Of course, we've been wrong before . . .

Everyone’s welcome

Everyone else seems to be checking out, or posting, the blog ratings generated by Mingle2, which generates movie-style ratings for blog sites, based on the language found in them. So here's how we rate as of this morning:

Free Online Dating

Mingle2 - Free Online Dating

Same as some newspaper blogs, though we'd imagine quite a few of the more intense Northwest political blogs would rate an R. (Has the Stranger's Slog tried this yet? Might blow the Mingle2 circuits.)

We should note that a few days ago when we first tried out the rating system, we emerged with a PG.

Grant’s re-entry

Larry Grant

Larry Grant

The 2006 Democratic nominee for Idaho's 1st House district, Larry Grant, is formally back in. Grant for Congress has shot an e-mail this morning saying he has filed formal paperwork to that effect with the Federal Election Commission. (No link for the release, unfortunately.)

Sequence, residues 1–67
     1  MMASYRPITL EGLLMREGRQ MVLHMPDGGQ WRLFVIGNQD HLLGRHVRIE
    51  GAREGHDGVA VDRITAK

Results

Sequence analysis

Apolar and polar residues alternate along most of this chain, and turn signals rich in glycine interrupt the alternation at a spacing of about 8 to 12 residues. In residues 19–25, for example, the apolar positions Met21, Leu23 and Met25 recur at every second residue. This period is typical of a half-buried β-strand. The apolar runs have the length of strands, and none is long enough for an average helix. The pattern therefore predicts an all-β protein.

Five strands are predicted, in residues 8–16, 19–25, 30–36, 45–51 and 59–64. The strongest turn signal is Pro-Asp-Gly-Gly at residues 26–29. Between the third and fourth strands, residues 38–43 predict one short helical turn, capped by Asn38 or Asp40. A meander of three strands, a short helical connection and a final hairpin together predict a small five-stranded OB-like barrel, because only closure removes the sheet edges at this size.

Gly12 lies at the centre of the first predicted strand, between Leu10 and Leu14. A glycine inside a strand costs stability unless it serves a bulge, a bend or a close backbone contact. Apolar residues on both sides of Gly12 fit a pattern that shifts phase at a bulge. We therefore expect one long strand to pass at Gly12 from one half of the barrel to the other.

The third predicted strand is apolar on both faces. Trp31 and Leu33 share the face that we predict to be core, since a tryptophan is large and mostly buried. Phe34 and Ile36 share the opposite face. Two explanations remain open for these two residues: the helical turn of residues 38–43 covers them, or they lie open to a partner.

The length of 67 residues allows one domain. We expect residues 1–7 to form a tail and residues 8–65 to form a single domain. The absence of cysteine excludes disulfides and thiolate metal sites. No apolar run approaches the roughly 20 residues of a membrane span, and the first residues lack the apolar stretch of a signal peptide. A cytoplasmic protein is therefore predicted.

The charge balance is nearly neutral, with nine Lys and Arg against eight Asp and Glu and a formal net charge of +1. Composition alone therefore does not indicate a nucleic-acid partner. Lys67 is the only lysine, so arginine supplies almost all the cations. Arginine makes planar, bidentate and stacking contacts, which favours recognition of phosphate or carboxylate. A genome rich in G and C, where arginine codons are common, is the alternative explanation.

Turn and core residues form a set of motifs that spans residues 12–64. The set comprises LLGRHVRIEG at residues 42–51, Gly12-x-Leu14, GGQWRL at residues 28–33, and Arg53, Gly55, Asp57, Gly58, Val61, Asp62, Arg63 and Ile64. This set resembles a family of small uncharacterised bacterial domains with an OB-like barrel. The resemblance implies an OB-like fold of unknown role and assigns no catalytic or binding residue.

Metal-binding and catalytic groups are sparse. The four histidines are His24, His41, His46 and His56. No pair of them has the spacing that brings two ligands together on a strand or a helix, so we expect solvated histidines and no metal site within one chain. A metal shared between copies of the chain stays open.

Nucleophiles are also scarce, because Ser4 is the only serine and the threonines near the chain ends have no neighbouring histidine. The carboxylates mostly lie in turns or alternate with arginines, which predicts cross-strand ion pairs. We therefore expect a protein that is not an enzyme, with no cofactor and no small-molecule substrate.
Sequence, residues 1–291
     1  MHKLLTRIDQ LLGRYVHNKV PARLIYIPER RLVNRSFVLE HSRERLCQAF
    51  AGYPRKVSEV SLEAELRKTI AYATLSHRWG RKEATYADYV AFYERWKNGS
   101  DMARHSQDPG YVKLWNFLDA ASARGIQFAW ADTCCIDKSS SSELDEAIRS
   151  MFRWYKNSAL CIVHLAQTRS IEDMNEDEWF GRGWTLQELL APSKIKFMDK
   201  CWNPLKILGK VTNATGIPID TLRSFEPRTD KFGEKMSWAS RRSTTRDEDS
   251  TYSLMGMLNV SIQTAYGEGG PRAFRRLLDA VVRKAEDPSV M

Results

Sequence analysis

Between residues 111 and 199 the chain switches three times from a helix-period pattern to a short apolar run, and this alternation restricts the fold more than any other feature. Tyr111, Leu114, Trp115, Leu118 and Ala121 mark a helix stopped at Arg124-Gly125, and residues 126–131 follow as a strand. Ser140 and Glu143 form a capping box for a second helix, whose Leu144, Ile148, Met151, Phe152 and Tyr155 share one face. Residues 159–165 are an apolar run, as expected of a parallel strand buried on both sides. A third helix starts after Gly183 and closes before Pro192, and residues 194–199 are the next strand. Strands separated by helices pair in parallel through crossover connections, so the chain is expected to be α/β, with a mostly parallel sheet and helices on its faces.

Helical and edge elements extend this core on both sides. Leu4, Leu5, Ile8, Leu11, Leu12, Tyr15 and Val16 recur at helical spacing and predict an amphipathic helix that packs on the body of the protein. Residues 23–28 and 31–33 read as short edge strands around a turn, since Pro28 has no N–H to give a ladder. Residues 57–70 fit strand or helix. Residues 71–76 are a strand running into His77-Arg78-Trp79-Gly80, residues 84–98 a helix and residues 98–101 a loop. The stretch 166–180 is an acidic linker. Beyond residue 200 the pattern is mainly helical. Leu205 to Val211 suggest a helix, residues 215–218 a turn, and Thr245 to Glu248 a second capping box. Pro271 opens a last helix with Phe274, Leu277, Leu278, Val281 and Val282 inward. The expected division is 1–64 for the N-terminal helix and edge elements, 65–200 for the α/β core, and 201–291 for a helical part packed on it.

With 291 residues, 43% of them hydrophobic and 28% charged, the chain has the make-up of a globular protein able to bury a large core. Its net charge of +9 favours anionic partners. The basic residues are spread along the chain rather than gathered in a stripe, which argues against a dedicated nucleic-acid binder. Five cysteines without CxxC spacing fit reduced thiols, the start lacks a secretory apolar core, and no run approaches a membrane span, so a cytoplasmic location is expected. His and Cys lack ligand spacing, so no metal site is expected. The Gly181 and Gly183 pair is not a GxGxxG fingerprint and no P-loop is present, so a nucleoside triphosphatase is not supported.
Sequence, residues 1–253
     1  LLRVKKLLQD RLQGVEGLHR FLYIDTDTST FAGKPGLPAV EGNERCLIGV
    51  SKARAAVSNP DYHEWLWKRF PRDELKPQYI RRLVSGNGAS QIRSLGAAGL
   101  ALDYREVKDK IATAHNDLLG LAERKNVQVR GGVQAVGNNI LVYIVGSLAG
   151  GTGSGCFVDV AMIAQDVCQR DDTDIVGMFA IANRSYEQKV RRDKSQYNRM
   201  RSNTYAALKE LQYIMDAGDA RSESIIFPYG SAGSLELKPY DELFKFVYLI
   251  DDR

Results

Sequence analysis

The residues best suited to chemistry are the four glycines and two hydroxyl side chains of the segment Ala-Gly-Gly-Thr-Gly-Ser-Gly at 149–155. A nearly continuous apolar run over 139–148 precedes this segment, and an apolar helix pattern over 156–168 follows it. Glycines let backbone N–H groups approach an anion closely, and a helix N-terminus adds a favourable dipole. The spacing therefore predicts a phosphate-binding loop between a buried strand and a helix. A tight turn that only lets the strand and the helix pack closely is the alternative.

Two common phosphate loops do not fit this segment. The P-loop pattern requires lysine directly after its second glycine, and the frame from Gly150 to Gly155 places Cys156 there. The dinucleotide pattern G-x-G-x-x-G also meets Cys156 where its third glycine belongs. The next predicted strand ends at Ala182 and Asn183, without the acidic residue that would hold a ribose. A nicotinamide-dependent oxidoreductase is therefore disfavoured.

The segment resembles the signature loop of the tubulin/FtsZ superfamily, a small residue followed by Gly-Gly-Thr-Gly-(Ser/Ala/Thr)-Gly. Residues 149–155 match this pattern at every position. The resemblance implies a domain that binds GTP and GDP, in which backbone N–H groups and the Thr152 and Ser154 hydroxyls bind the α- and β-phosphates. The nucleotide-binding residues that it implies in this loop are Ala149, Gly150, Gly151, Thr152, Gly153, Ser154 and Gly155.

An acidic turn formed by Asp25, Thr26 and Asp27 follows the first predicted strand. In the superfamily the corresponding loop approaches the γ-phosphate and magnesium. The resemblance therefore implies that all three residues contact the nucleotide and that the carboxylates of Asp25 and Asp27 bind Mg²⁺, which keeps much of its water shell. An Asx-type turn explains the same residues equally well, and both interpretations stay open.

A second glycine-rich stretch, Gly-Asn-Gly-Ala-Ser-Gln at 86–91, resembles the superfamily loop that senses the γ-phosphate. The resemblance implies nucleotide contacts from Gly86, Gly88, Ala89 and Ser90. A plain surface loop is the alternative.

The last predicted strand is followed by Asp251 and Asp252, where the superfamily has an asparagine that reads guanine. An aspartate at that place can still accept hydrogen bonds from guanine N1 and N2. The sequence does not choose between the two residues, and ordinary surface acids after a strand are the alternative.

In normal cycles, we'd all be wondering at the early entry - nearly a year and a half till the 2008 general election. Not in this cycle, with primary opposition either in the field (Rand Lewis) or in development (Walt Minnick). And not with his counterparts in other districts, such as Democrat Darcy Burner in the Washington 8th, doing the same thing - on maybe an even more accelerated schedule.

What will all these campaigns look like when we get to October 2008?

Senate scorecard

After all the demurrals earlier in the season, the recent pile of interest expressions - in the Oregon Senate race - abruptly makes the field look a lot different than it was a month ago. Or is it different?

Maybe not so much. Let's run through the Democratic field of interest, in running against Republican Senator Gordon Smith, and see what emerges.